Monday, April 8, 2013

A lesson in giving up, or not, as the moment requires

You may have noticed that I'm in funk.  My writing schedule is erratic, due to the many demands on time lately and a lack of inspiration.  My topics are scattered, which really isn't that new, and I'm struggling to be spiritual.  I was thinking about abandoning this little project, as well as all of my other projects.  I'm not now, but making that decision was interesting.

I often use guided meditations to get started, especially when I'm struggling with anxiety, depression, or just too many thoughts.  While looking for a particular mp3 file on my computer to listen to, I ran across one I had downloaded from Ascension 101, but never listened to.  The topic of the podcast (not the expected meditation exercise) was retirement.

As I listened, I had an ominous feeling of "She's talking to me".  As thought through what I had heard and applied it to what I felt, I realized that my funk is only partially in me.  Yes, I'm tired. yes, I'm frustrated with not being where I want to be in my life. Yes, I am busy.  I am not, however, done with my work here.

Some where and some when, along the way, I picked up a negative little bug that incorporated itself into my energy, and it has been hiding behind my own fear and frustration in an effort to get me to stop moving forward.  I don't know, and don't care why it's there, but I can now see that some of the doubts and negative thoughts in my head weren't mine alone.  They belonged to this little thing and were meant to make me feel like I can't do anything.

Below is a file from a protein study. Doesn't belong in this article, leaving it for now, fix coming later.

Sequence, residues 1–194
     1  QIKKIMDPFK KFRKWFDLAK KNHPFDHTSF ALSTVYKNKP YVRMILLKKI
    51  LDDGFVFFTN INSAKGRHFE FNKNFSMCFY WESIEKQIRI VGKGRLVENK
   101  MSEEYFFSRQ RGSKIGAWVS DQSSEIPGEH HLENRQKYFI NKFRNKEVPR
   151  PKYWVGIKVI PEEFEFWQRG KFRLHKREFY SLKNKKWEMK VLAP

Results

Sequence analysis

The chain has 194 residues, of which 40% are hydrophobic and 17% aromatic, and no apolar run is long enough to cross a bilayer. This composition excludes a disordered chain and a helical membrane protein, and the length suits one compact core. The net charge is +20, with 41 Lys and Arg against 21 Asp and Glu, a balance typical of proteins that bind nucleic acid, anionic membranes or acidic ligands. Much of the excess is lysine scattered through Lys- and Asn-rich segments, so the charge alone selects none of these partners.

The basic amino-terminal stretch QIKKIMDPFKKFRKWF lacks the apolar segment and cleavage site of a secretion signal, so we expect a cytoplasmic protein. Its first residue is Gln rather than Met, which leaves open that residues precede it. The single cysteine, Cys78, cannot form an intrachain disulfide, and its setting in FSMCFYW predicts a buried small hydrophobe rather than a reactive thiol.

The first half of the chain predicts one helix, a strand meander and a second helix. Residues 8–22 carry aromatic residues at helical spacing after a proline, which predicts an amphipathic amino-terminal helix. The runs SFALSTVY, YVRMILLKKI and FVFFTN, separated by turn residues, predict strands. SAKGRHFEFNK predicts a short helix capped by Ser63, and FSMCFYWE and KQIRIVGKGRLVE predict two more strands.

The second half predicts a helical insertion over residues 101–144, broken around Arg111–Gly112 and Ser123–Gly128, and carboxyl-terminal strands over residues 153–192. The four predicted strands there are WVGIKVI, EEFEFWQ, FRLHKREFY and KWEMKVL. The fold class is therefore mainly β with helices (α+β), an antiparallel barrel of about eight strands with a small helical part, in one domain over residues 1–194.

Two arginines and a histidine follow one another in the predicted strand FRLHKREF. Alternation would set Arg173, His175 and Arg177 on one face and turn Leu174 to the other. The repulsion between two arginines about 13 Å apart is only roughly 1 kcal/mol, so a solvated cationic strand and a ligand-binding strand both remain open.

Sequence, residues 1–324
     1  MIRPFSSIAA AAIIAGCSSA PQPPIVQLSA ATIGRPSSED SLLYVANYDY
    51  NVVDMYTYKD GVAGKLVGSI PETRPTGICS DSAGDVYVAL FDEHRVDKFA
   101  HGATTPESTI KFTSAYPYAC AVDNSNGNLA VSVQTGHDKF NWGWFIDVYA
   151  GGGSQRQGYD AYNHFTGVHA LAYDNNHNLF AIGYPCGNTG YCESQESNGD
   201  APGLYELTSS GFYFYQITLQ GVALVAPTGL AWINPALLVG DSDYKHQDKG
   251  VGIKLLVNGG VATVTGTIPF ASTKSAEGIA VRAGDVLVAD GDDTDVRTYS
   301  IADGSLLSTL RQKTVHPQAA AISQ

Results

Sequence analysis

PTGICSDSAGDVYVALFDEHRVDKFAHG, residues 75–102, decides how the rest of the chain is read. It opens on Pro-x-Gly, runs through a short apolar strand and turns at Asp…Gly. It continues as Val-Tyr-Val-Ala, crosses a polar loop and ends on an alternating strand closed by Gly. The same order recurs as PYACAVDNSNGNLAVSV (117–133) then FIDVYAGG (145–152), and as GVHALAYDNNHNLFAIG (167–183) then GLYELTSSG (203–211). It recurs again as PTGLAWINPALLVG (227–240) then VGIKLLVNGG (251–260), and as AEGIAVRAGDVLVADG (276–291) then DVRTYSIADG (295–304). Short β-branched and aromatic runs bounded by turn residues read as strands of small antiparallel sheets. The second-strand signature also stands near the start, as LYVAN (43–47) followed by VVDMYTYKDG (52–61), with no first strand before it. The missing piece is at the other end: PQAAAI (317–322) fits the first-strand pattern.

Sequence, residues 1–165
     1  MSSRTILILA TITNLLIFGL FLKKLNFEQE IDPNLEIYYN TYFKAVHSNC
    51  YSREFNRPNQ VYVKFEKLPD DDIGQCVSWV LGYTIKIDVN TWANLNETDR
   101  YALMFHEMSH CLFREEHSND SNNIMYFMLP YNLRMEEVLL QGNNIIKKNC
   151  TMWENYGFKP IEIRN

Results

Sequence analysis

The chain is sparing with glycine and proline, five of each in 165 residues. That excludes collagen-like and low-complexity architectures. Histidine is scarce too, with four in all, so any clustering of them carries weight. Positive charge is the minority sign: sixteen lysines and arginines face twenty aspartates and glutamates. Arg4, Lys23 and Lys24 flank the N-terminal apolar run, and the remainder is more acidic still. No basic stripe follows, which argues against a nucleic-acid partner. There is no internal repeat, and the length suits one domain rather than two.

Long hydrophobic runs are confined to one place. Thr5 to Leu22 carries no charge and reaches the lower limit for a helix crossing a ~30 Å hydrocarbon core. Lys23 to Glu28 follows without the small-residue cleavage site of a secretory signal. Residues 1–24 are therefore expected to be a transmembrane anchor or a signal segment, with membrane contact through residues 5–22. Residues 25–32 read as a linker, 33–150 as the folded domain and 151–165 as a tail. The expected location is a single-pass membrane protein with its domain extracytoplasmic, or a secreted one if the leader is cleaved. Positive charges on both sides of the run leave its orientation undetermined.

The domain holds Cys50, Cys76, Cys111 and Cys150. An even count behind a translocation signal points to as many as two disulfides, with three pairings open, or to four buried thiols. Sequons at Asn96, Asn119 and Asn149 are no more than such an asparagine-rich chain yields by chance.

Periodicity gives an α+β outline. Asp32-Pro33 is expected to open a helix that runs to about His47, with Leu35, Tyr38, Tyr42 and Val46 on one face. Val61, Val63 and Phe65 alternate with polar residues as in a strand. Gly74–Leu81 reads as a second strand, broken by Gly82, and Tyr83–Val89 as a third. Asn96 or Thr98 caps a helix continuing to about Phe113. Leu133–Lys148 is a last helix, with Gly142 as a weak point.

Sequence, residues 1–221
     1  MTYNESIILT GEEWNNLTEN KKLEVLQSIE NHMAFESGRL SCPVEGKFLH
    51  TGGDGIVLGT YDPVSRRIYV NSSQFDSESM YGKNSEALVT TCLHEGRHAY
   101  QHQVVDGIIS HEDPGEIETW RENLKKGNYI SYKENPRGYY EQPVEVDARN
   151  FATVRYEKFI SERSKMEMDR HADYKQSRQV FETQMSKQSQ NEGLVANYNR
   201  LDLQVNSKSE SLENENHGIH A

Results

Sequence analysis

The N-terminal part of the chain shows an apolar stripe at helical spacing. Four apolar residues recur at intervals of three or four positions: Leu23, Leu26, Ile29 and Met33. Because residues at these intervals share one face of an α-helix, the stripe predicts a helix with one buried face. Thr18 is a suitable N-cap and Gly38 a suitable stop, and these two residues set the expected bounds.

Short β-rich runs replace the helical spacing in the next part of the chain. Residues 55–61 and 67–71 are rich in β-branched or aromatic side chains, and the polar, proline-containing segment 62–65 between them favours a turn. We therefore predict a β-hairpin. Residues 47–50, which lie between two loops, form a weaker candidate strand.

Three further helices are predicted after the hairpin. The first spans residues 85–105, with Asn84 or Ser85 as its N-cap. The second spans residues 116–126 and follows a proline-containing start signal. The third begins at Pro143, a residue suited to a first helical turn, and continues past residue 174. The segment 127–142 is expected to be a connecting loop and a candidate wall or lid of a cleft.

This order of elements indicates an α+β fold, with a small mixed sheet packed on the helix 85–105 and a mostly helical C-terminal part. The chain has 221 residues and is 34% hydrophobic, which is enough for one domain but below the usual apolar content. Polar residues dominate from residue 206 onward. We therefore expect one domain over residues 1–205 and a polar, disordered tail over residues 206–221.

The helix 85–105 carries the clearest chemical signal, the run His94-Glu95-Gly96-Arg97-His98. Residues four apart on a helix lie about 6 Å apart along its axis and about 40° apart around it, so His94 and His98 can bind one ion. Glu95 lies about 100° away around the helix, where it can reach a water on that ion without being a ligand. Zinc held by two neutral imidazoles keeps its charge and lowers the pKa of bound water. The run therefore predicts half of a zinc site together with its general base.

Strangely, this experience dovetailed with a conversation I had with my husband last night.  He was, through the Socratic method, trying to get me to realize I needed to not give up, to work through this, and to lighten the hell up. Of course, as saying all of that isn't his style (we don't call him the Kite String for nothing), he had to get me to start thinking about it.

So, I'm not giving up right now.  The idea wasn't right for me, as it didn't fill me with a sense of rightness or lightness.  I am not done.  I still have lessons to learn, things to say, and experiences to share.  So, pardon me, while I figure out how to get rid of my hitchhiker, and stay tuned for whatever lesson that brings with it. I hope that if you are on the verge of giving up on something that you take a moment to ensure that retirement fills you or lightens you.  If it doesn't, then you should be looking for the reasons why.  If retiring an idea or endeavor is what's right for you, bless it and let it go.


  1. Glad you're staying, wonderful lady

  2. Thanks! Long time, no see. How have you been?

  3. Oh, busy and crazy. I try to keep up as I can

  4. Well, thanks. Hope things calm down a bit.


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